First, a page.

Non-surgical and medical management for smoking cessation
Many non-surgical approaches are available, such as laser therapy and acupuncture, both with questionable results. Psychotherapy, and support groups are essential, as this is a behavioral disorder, and the aforementioned are beneficial. Medical management consists of nicotine replacement therapies ( NRT), with the patch and gum the primary agents used, with inhalers available as well. The use of these coincides with the craving for a cigarette, and as well long acting forms. Other treatments are the pharmacotherapies, medications prescribed by your family doctor or a smoking cessation specialist. These include Bruproprion ( Zyban), Nortriptyline ( Aventyl) and Varenicline ( Champix).
Guidelines for Intervention for pharmacologic intervention for smoking cessation
The pharmacotherapies are stategies to be used in combination with the above treatment methods. Nortriptyline and Bruproprion are from the antidepressant class of medications and have shown promise in maintaining abstinence. Considerable side effects are possible, and close supervison by your doctor is imperative. They can be used in combination with the NRT. Varenicline is a novel medication that acts at the same level in the brain that the nicotine from the tobacco does. It can not be used in combination with NRT, and has the highest success rate for abstinence.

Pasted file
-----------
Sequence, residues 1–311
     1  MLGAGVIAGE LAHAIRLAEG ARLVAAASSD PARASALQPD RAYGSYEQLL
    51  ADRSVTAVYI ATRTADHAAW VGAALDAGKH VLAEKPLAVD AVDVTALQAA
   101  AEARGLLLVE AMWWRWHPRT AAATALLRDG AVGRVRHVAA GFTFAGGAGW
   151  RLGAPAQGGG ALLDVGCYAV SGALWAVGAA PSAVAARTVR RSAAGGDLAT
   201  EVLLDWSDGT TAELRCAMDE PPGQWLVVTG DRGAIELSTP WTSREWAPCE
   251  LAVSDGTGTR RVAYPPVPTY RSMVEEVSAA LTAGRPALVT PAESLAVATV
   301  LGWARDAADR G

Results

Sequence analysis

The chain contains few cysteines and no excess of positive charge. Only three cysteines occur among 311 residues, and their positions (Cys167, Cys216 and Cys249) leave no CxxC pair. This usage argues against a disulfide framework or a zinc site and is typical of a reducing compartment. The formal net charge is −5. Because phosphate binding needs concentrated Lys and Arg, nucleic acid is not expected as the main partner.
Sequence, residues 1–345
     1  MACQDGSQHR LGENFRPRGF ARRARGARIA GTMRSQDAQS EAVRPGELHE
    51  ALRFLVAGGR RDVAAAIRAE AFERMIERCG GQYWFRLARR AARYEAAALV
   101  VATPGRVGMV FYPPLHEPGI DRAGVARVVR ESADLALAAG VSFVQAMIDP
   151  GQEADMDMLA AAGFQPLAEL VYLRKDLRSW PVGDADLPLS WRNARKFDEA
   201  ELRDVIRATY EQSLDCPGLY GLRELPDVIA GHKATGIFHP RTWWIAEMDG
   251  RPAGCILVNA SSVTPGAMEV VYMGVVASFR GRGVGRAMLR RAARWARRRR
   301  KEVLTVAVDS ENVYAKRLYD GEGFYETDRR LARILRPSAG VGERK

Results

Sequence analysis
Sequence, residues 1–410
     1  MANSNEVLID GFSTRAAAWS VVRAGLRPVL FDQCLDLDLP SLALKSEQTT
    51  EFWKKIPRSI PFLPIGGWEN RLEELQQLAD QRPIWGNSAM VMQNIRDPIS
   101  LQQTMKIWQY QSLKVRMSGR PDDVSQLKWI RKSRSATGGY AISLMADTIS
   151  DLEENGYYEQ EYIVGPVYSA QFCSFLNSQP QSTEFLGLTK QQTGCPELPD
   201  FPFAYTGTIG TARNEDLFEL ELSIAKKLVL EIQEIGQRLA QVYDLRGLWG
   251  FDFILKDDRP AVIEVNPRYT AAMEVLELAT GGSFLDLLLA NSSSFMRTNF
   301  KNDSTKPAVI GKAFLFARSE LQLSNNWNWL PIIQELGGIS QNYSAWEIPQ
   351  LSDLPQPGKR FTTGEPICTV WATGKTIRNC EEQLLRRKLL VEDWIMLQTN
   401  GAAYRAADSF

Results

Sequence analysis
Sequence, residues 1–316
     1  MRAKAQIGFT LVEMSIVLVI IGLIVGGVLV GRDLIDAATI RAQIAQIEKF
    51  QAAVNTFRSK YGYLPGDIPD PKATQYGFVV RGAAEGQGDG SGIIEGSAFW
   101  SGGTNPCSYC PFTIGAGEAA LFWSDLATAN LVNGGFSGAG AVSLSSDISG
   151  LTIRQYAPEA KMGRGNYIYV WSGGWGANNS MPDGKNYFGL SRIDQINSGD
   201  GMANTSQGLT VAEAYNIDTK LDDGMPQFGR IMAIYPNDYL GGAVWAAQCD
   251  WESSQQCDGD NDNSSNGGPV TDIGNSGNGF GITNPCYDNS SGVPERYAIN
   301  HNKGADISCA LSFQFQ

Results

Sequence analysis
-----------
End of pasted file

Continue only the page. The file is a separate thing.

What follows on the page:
There is no effective surgical treatment for tobacco addiction, and the challenge for patients and their phyicians is to establish and maintain abstinence so as to ultimately prevent the surgical treatments that may be needed for the peripheal vascular complications of tobacco addiction.
When should I see my doctor?
Tobacco addiction is now considered the most important modifiable risk factor for peripheral arterial disease ( including coronary artery disease and lung disease ) and health care professionals are to always ready to fully engage their patients when they wish to persue smoking cessation therapies. Multidisciplinary Partnership Pacts have been established in all health districts. Comprehensive educational programs where the medical condition is managed in a respectful and non-judgemental manner are available . The minute you feel you wish to quit, approach your doctor, nurse practitioner and any other knowledgeable health care practitioner.
References and Resources
www.makeapact.ca (A Saskatchewan initiative, however, your home province will have a similar portal)
The benefits of a tobacco free life are felt quickly. Here's a resource for smoking cessation.
CSVS Guidelines for Abdominal Aortic Aneurysm screening
“The 2018 CSVS guidelines suggest all men 65-80 and all women who have smoked or have heart disease and are between the ages of 65-80 should have an abdominal ultrasound (US) to rule out an abdominal aortic aneurysm (AAA).
Those older than 80 can be considered for screening, but it is important to talk to your doctor. Speak to your primary care physician or vascular surgeon to ensure you have been screened.